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Uses and challenges abound outside cities

Scotlands rural areas face major social and economic challenges. Picture: Tony Marsh

Scotlands rural areas face major social and economic challenges. Picture: Tony Marsh

  • by DAVY MCCRACKEN
 

Realising potential requires rural reform, says Davy McCracken

Even the most hardcore city dweller has an opinion about the countryside and how it should be used. After all, 98 per cent of Scotland is classed as rural so all of us need it for something. The problem is there are so very many things we need it for.

For instance, food security is an increasing priority for the limited amount of very productive land that we have in the lowlands, but how that food is produced can affect our water quality, wildlife and carbon footprint. Food producers in the lowlands therefore need to strike an appropriate balance between maximising yields and increasing food security while recognising they must minimise the environmental impacts.

Our uplands produce food as well. But land uses in the uplands and the associated benefits we get from them are many and varied. Our hills and moorlands not only support farming, forestry and renewable energy production but also offer protection against flooding, maintain nature reserves and support a wide range of country sports and other recreational or tourist activity.

But we must not forget that Scotland’s rural areas also face major social and economic challenges, including limited economic regeneration and employment opportunities, a lack of sufficient affordable housing, high energy costs for business and homes, poor transport infrastructure and an ageing population as the young migrate out and older people find retirement homes.

Successfully addressing the economic, environmental or social challenges facing Scotland’s rural areas will mean ensuring the right things happen, at the right time, in the right places. However, the actions taken to address any one of these issues can also have the potential to complement or conflict decisions and actions taken to address each or all of the other concerns.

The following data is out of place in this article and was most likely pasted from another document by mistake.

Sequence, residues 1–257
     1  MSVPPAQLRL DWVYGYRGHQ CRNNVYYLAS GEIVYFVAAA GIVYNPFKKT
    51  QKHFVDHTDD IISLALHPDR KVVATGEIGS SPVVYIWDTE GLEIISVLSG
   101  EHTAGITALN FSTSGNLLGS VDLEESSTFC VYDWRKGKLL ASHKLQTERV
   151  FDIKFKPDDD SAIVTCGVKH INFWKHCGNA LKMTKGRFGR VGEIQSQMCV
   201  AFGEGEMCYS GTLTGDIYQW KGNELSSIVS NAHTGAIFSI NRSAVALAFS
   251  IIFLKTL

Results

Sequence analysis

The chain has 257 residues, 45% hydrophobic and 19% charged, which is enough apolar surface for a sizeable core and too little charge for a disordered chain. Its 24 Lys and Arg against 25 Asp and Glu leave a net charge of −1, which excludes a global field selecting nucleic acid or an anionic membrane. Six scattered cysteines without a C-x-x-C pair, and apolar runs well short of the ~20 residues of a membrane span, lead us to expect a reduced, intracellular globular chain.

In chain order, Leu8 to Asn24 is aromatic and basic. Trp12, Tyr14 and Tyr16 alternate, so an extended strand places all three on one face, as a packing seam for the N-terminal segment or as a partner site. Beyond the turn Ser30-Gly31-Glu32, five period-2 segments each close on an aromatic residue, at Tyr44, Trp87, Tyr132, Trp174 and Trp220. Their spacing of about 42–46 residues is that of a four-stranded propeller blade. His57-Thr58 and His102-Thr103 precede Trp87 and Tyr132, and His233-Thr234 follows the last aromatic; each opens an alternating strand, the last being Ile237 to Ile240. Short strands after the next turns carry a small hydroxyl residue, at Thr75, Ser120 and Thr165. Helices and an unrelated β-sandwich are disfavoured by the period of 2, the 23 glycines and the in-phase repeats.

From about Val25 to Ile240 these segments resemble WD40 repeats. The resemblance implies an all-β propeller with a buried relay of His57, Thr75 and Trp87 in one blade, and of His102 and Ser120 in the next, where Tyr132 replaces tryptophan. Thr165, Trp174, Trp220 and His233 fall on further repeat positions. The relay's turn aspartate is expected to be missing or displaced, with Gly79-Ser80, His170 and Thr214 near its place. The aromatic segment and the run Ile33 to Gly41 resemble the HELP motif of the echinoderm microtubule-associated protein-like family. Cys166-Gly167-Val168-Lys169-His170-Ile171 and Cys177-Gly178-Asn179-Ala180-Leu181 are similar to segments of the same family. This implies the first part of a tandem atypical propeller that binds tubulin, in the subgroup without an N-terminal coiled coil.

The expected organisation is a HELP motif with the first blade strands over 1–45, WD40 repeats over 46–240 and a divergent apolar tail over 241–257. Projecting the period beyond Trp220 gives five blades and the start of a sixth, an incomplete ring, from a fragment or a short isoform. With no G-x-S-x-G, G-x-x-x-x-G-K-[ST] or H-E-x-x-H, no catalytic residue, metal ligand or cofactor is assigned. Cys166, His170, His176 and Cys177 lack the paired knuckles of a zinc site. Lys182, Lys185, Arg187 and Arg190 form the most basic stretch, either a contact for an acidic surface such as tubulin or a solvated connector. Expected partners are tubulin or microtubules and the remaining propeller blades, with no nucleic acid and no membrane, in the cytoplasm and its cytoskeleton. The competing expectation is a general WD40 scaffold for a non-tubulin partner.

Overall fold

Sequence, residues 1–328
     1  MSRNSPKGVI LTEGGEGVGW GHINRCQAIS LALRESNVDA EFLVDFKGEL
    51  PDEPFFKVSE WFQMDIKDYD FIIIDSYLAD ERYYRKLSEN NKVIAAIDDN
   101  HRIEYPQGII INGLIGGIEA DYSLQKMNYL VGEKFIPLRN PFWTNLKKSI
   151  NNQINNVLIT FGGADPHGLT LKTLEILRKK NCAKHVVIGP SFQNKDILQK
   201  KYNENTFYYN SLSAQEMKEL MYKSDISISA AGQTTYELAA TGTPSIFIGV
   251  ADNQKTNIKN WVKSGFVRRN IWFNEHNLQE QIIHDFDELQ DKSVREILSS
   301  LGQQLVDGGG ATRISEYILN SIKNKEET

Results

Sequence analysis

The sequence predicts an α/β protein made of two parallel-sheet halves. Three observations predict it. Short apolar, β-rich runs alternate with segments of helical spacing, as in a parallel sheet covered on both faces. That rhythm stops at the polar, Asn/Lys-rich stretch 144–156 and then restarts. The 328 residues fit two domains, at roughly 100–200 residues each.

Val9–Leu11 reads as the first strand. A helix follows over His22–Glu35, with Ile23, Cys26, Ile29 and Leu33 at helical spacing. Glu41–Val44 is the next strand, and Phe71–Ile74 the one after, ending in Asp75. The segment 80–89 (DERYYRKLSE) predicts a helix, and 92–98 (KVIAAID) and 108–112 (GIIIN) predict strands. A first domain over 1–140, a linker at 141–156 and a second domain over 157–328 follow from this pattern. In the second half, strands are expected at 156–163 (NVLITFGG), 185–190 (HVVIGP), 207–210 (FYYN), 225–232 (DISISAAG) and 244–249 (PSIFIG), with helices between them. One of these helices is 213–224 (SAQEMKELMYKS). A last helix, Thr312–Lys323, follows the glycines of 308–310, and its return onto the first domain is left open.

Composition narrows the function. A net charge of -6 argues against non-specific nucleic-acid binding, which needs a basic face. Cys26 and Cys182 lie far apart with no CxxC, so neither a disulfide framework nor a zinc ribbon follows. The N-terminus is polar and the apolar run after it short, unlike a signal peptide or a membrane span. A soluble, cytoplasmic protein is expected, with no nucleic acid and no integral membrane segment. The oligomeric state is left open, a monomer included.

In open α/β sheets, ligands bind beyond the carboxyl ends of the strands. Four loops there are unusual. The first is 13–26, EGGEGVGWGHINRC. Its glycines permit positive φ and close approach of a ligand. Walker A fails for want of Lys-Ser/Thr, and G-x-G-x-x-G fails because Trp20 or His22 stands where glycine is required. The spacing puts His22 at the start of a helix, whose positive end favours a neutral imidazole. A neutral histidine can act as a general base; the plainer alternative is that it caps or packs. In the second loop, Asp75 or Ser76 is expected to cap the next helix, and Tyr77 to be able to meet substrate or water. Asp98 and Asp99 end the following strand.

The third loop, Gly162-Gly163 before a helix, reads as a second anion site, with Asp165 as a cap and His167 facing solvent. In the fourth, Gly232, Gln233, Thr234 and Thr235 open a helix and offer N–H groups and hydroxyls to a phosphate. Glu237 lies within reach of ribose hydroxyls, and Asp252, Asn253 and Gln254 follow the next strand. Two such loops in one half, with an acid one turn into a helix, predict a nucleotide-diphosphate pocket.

The advocates of different priorities are passionate and their arguments about how our land should be used are keenly honed. But the reality is that there is only so much land available and it cannot be used solely for one purpose. Achieving multiple benefits from our land is therefore not simply a nice thing to do, but is essential if we are to address effectively all the economic, environmental and social challenges that we face.

This recognition is not new. Scotland’s first Land Use Strategy was published in 2011, developed as a result of the government’s response to the need to address climate change.

It sought sustainability of the economy, environment and communities and offered a guide to public sector policy making and an action plan for taking the Strategy forward.

At a recent conference, organised jointly in Edinburgh by Scotland’s Rural College and the Scottish Environment Protection Agency, delegates learned about the progress being made to date, particularly with regard to embedding the Land Use Strategy policy framework within all sectors of Scotland’s economy and starting to test how best to implement that policy on the ground at a regional and local scale.

But it was also clear that much more needs to be done. The discussions emphasised not only the essential role that land managers play in helping deliver benefits but the need to get them more help and advice about delivering those benefits in practice. We also heard that we need to ensure greater wider public understanding about what Scotland’s land use systems are for.

Achieving multiple benefits from our land will not just mean tweaking existing systems. In many cases it will require major changes and the establishment of new systemsm, which at least narrows existing divisions, like the present divide between farming and forestry.

As the conference highlighted, it will also require scientists, industry groups and campaigners to think hard about they way they work and communicate with each other.

Progress, trust and commitment can be hampered because one side doesn’t understand the way the other thinks. Whether we are policy specialists, land managers or the public, we need combined understanding and enthusiasm if we are to achieve the major changes that will be essential to maintaining the future economic, environmental and social health of our rural areas.

• Professor Davy McCracken is head of the Hill & Mountain Research Centre at Scotland’s Rural College www.sruc.ac.uk

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